8. Reaching out to friends for help doesn’t make you a “burden.”

When you’re first diagnosed, you might feel embarrassed or guilty about asking for help, worrying that you’re burdening others. But the more you become accustomed to Parkinson’s and realize how helpful it is when friends lend a hand (or ear, or any type of support that lightens your load). There’s no need to feel guilty for asking loved ones to support you, and any true friend will be glad to do it.

“Parkinson’s disease is a neurodegenerative disease that is slowly stealing many of my motor and cognitive skills. Friendship has become more precious as I learn to ask for and accept help more often,” Olson said. “And… surprisingly, my friends are grateful when I ask for and accept their help.”

9. Parkinson’s may be invisible, but that doesn’t mean it’s not there.

Like many chronic illnesses, Parkinson’s may not always cause “obvious” symptoms. However, just because there are times when other people can’t “see” your symptoms, that doesn’t mean you’re not still feeling painful, uncomfortable symptoms, mental healthchallenges like anxiety and depression, or dealing with the stress of communicating with insurance companies or getting accommodations from work. “Invisible” doesn’t mean “easy!”

“Parkinson’s is an invisible disease and the majority of people don’t get that. It’s a disease that may not look like much of anything to some people, but if you’ve got it, you had better believe it’s something indeed,” Woodbridge said.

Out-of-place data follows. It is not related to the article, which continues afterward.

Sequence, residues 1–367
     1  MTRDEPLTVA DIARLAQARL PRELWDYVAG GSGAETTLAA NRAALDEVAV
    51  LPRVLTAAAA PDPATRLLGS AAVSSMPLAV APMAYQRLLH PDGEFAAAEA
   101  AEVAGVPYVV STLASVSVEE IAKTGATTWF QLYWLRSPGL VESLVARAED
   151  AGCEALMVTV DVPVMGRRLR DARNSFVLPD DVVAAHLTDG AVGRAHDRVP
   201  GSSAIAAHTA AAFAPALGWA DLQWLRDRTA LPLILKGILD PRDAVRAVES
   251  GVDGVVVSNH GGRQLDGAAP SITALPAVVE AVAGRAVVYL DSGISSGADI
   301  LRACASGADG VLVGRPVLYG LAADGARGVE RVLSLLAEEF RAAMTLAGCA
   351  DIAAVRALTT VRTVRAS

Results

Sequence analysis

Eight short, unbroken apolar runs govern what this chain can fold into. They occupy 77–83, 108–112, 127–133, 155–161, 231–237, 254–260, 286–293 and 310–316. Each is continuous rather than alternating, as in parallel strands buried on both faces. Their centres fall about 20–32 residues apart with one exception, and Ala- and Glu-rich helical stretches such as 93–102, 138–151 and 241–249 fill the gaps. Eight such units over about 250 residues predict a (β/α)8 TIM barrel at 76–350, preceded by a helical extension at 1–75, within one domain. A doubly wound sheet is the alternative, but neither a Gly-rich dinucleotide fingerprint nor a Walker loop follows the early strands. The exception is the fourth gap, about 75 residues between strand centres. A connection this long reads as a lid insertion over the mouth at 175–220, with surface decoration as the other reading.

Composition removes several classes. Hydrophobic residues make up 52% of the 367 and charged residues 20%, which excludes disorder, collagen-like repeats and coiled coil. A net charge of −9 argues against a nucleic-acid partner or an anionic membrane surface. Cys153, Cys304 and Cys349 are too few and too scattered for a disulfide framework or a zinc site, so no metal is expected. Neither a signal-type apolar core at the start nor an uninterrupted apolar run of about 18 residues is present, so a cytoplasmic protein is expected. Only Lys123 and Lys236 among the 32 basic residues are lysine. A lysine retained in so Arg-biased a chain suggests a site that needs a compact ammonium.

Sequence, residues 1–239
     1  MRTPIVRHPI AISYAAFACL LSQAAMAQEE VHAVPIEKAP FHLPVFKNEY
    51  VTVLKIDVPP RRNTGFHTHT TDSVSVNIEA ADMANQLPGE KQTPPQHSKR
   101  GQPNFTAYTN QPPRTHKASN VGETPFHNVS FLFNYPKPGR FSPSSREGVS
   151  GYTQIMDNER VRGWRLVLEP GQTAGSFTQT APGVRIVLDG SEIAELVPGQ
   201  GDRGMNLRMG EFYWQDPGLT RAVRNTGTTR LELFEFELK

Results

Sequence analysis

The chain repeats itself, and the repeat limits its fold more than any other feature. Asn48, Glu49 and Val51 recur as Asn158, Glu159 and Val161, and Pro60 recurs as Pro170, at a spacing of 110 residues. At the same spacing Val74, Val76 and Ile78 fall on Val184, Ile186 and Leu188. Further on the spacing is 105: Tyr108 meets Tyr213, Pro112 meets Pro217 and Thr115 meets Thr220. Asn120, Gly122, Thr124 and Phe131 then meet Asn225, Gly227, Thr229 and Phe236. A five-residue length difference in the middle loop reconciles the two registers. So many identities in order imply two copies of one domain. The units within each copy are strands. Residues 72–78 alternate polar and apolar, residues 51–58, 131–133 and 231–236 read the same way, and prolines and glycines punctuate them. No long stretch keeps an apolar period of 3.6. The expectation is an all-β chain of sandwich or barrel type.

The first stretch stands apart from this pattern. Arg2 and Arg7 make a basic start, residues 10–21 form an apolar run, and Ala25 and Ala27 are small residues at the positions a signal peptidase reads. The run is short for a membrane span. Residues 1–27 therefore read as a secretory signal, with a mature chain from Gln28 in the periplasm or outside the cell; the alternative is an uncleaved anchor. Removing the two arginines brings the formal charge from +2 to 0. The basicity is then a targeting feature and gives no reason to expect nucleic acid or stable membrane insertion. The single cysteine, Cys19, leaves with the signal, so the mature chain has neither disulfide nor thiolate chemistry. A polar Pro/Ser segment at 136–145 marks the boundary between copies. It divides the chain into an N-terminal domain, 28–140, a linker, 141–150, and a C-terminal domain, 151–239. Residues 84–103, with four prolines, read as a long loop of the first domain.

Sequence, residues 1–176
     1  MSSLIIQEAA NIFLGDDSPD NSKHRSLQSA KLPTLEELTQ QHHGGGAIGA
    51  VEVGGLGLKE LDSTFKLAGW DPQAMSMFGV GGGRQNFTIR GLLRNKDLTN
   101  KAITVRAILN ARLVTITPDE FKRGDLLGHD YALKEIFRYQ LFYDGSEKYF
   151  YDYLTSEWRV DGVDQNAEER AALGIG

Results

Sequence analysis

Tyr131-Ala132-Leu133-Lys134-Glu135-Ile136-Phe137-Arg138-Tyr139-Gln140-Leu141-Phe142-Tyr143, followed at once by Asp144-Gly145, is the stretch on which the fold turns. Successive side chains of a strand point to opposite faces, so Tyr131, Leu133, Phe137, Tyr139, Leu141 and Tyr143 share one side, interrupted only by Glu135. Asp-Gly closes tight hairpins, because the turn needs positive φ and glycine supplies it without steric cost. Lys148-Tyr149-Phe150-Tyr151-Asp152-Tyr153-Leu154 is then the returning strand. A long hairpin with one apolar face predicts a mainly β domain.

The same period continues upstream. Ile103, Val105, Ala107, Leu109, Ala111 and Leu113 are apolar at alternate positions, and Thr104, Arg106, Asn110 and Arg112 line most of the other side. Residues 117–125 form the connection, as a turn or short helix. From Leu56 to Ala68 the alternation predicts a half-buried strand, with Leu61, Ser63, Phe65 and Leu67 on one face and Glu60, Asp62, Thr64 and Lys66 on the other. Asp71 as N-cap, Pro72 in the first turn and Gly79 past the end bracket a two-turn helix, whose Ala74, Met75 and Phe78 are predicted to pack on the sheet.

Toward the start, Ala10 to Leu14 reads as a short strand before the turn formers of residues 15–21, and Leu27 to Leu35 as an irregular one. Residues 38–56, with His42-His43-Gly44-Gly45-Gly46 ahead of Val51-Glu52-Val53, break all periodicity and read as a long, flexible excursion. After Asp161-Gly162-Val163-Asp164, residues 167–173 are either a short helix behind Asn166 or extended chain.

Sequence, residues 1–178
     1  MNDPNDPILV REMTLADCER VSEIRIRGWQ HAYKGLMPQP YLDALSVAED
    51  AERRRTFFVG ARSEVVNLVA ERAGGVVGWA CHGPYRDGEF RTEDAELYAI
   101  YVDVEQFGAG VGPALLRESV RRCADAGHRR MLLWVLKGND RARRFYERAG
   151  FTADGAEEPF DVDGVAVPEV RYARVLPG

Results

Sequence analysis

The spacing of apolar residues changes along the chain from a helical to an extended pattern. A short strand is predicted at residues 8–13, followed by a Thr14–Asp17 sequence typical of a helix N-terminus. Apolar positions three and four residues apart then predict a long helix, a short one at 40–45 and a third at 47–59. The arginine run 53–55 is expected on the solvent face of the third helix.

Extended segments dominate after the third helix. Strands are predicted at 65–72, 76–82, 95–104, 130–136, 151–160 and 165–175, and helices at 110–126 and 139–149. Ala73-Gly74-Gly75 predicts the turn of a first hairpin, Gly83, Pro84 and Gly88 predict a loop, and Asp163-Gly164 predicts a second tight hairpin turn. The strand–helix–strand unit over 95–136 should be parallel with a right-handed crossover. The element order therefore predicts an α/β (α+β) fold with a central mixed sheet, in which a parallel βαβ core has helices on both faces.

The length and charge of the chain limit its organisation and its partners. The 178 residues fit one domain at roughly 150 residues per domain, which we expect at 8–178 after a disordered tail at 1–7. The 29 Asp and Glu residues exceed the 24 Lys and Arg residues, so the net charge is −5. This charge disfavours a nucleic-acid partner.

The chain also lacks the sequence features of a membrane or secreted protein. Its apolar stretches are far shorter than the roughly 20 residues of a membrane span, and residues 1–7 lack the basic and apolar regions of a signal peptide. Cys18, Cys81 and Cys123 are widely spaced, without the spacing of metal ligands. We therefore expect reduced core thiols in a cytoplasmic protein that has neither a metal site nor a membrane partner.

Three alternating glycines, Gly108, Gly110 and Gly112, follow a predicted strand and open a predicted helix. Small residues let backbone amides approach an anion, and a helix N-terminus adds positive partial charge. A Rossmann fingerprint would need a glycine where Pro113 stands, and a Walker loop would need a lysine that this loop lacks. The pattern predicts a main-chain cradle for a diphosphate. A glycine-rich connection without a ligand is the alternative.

10. Friends who also have Parkinson’s can bring so much joy to your life.

One of the things you likely heard when you were first diagnosed was, “Join a support group!” If the suggestion didn’t thrill you when you first heard it, you’re probably not alone. But people who have literally felt what you feel can offer a kind of support and understanding that no one else can. And nowadays you don’t have to go to support groups in person — you can join groups on social media or post Thoughts and Questions on The Mighty to meet and chat with other people with Parkinson’s.

“I cherish my friends with Parkinson’s disease. We understand each other in ways that our family and friends do not,” Krischer said.

11. Parkinson’s affects younger people, too.

It’s true that the average age of diagnosis is 60. However, young onset Parkinson’s diseaseoccurs in people younger than 50, and affects 2 to 10 percent of the one million people with Parkinson’s disease in the U.S.

As Nikki Louiselle, blogger at Just Shake It Off, explained:

Unless you live with Parkinson’s disease you most likely see it as an ‘old person’s’ disease. I did, until I heard those devastating words. Until I received my diagnosis 17 months ago, I thought it was something old people had. I’m 46.

12. Parkinson’s might teach you things you never knew about yourself.

There’s no doubt that the physical and emotional challenges of Parkinson’s can change your life in pretty difficult ways. But some people with Parkinson’s find that it helps them discover who their true friends are, focus on the “little things” that make them happy, and learn to appreciate a slower pace of life.

“My Parkinson’s disease may have reduced my speed for moving and my reaction time, but in doing so, it has allowed me to appreciate the world at a pace that I would have never experienced. I am grateful for so much!” Robb said.

Whether you are seeking a diagnosis, just received your diagnosis, or have been living with Parkinson’s for a while, hearing what others have gone through can hopefully bring you reassurance that you’re not alone. Parkinson’s may feel like it’s turned your life (and body) upside down, but there are people out there who are ready to support you.

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